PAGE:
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How to Adjust the Image Size in Photoshop?

Hey, guys! Today, I am going to show you how to adjust the image size in Photoshop. It has been one of the most requested tutorials and I am surprised that I have never written one. And yes, you can enlarge the image with this tool.

The agenda is for today’s tutorial is very simple. The procedure is very simple and I’ll tell you more few things.

  1. How to adjust the size of an image.
  2. How image sizing is different than cropping.
  3. How image sizing is different than canvas sizing.

Let’s begin with resizing an image.

Step 1 – Adjust the Image Size in Photoshop

Go to Image>Image Size. You can also press Cmd+Opt+I/Ctrl+Alt+I as a keyboard shortcut.

Fig. 1

Step 2 – Tweak the Settings

You’ll see a dialog box like Fig. 2. I’ll explain you all the things in this dialog box.

Fig. 2
  1. Image Size: This tells you the image size on disk as per the current dimension. If you change your dimension, the image size will also change. In short, it tells you the real-time data.
  2. Dimensions: This tells you the width and height of the original image. You can change the scale to pixels, cms, inches, or whichever scale you’re convenient with. I use my images for web purpose so I keep the scale in pixels
  3. Fit To: Here you can find some predefined sets or templates with some industry standards. You may find it useful if you need to alter your images as per the industry standards.
  4. Width: This defines the wideness of the image. You can change the scale here also. I usually keep it to either Pixels or Percent.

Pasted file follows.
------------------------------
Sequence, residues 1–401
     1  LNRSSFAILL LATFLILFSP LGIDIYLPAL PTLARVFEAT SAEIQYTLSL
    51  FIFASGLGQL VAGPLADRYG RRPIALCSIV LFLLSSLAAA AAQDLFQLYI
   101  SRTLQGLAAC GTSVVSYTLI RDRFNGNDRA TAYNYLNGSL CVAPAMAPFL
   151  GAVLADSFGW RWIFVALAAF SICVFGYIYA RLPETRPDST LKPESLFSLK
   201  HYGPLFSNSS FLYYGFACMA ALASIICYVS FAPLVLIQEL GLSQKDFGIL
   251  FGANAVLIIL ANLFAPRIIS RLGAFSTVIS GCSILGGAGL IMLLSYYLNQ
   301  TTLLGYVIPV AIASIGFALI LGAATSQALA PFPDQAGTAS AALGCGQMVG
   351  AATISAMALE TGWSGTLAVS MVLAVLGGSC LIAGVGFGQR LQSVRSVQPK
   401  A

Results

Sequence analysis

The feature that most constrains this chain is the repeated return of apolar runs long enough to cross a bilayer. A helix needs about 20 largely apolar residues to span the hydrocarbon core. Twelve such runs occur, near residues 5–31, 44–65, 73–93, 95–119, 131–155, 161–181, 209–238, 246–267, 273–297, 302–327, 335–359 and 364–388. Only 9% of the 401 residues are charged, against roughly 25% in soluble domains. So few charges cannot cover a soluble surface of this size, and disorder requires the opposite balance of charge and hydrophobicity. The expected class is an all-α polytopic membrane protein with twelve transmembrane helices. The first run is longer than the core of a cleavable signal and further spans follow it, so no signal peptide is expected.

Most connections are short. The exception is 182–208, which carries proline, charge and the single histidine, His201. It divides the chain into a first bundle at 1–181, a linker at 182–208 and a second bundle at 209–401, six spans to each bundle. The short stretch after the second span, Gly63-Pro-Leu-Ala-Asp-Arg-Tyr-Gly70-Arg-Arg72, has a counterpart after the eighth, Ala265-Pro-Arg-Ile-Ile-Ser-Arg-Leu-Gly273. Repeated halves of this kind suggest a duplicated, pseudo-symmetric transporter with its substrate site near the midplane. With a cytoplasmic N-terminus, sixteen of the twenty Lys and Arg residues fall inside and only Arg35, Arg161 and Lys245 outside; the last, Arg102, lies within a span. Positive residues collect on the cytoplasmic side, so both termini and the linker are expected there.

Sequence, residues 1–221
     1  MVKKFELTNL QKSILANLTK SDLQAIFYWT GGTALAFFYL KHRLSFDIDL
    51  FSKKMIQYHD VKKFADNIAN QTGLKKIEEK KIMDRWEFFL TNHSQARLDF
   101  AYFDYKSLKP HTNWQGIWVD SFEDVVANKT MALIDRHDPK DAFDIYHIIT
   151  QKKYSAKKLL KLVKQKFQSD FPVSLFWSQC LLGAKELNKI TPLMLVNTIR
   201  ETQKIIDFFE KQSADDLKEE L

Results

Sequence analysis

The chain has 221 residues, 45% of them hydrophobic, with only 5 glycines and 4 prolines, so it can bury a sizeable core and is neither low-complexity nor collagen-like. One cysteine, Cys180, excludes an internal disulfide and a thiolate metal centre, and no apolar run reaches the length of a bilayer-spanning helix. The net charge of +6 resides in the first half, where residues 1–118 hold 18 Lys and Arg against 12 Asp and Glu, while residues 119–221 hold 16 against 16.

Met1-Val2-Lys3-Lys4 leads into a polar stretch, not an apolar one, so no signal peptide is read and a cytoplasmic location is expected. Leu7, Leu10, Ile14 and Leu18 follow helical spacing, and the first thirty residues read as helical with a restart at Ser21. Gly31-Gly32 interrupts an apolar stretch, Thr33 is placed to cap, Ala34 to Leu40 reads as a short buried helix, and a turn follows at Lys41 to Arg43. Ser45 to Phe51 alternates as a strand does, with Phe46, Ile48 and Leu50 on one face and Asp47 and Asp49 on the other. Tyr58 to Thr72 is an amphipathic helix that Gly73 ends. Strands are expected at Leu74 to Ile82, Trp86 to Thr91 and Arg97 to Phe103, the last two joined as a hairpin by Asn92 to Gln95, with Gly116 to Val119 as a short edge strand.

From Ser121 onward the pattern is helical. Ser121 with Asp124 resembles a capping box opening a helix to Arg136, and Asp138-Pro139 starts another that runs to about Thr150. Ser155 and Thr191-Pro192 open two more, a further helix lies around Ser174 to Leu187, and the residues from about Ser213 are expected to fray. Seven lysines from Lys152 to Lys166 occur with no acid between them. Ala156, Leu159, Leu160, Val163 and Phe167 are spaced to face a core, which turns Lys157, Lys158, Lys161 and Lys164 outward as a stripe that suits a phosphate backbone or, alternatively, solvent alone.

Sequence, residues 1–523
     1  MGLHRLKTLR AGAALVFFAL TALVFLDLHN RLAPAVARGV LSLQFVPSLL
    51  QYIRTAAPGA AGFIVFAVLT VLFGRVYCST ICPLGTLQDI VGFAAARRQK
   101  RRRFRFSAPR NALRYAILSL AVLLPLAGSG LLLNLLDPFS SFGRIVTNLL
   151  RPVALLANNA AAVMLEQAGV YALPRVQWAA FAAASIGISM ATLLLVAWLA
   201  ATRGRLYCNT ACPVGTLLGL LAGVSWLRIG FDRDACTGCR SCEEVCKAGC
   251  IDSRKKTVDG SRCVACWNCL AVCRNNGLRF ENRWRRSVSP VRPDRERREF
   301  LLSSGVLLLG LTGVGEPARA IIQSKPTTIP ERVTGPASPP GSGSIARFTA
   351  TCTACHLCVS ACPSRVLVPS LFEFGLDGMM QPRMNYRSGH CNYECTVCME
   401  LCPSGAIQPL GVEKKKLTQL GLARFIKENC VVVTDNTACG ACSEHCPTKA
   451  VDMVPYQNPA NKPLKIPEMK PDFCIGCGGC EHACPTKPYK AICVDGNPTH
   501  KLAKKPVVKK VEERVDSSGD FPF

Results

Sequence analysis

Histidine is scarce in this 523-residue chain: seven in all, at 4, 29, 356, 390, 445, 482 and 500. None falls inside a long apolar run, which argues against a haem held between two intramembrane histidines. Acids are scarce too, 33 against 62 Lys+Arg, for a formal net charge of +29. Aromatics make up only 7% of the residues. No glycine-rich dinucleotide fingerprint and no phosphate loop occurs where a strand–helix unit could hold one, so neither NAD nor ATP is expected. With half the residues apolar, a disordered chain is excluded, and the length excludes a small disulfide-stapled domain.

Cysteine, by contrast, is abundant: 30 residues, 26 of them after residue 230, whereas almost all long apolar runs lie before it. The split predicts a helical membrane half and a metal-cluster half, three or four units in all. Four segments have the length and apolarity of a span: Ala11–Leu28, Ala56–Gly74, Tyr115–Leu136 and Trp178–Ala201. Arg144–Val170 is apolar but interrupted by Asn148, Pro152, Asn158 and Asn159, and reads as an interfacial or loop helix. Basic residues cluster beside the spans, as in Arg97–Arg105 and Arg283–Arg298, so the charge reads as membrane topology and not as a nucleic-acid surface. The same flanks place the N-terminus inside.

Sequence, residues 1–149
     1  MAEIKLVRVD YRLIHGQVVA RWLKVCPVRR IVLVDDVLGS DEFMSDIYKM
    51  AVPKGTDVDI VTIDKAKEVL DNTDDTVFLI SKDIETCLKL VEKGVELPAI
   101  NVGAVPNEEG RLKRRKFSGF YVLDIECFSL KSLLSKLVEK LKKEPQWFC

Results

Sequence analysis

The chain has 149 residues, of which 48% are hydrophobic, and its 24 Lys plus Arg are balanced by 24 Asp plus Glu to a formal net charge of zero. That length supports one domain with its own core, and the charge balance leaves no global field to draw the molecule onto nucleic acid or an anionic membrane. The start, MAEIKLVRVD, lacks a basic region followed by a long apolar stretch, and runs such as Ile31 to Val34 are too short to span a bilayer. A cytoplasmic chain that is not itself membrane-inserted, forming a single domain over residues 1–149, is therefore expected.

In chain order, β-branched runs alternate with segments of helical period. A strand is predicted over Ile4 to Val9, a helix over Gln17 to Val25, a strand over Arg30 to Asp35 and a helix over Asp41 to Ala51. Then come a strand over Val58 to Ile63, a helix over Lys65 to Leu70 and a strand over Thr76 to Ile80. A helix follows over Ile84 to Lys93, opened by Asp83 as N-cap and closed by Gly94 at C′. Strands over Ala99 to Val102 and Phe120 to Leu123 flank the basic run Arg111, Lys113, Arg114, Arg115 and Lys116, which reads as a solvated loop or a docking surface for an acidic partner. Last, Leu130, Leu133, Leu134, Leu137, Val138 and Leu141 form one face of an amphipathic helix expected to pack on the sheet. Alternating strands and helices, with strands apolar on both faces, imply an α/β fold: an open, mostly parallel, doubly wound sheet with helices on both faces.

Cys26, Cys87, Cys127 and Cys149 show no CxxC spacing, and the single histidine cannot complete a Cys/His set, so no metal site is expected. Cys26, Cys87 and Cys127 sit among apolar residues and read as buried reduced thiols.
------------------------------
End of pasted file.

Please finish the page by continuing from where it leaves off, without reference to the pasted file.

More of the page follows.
5. Height: This defines the height of the image. If you change your width, Photoshop automatically changes the height to maintain the aspect ratio. I’ll show how can you stop Photoshop from automatically adjusting the height later in this tutorial.
  6. Resolution: This defines the number of pixels in an inch. The photography standard is 300 and the web standard is 72. The positive side of having a high resolution is that if you zoom in the image, it will not pixelate. The drawback is that more the pixels per inch, higher the image size.  You can also change the scale here.
  7. Resample: There are eight resampling methods in Photoshop. Whenever you change the size of an image, Photoshop needs to resample (basically process) all the pixels in your image. I have already written a tutorial on Resample in Photoshop. If you ask me which method should you choose to enlarge the image, I’d suggest “Preserve Details 2.0”. If you ask for scaling down the image, I’d say “Automatic”.

Additional Tips

In point 5, I mentioned that Photoshop automatically changes height is you change the width or vice versa. My image width was 2971 pixels and when I changed it to 1200 pixels, my height got changed automatically. Photoshop does it to maintain the aspect ratio otherwise your photo will look stretched.

Fig. 3

A quick way to disable this feature is to click on the chain icon that is shown in Fig. 4. This will unlink the height with the width. I know it distorts the image that can be seen in the preview pane.

Fig. 4

Some Common Differences

You may confuse this with few other things in Photoshop like Canvas size and Crop Tool. I’ll compare each of them so that you can use this feature like a pro.

  1. Crop Tool vs. Image Size: Crop tool is used to crop an image. It reduces the dimension but a part of the image will be cropped out. Image resizing doesn’t crop out anything. All part of the image will be same. You can either scale down the image or scale up the image.
  2. Canvas Size vs. Image Size: Canvas size can be used to increase your image work area. It doesn’t increase your image size. If you can increase the canvas size, it’ll fill the newly added area with white color (or any color you like). Image size doesn’t add or remove any white color to the added area. Instead, it enlarges or shortens the actual image.

This sums up today’s tutorial. See you next week.

As always, more good stuff coming soon.

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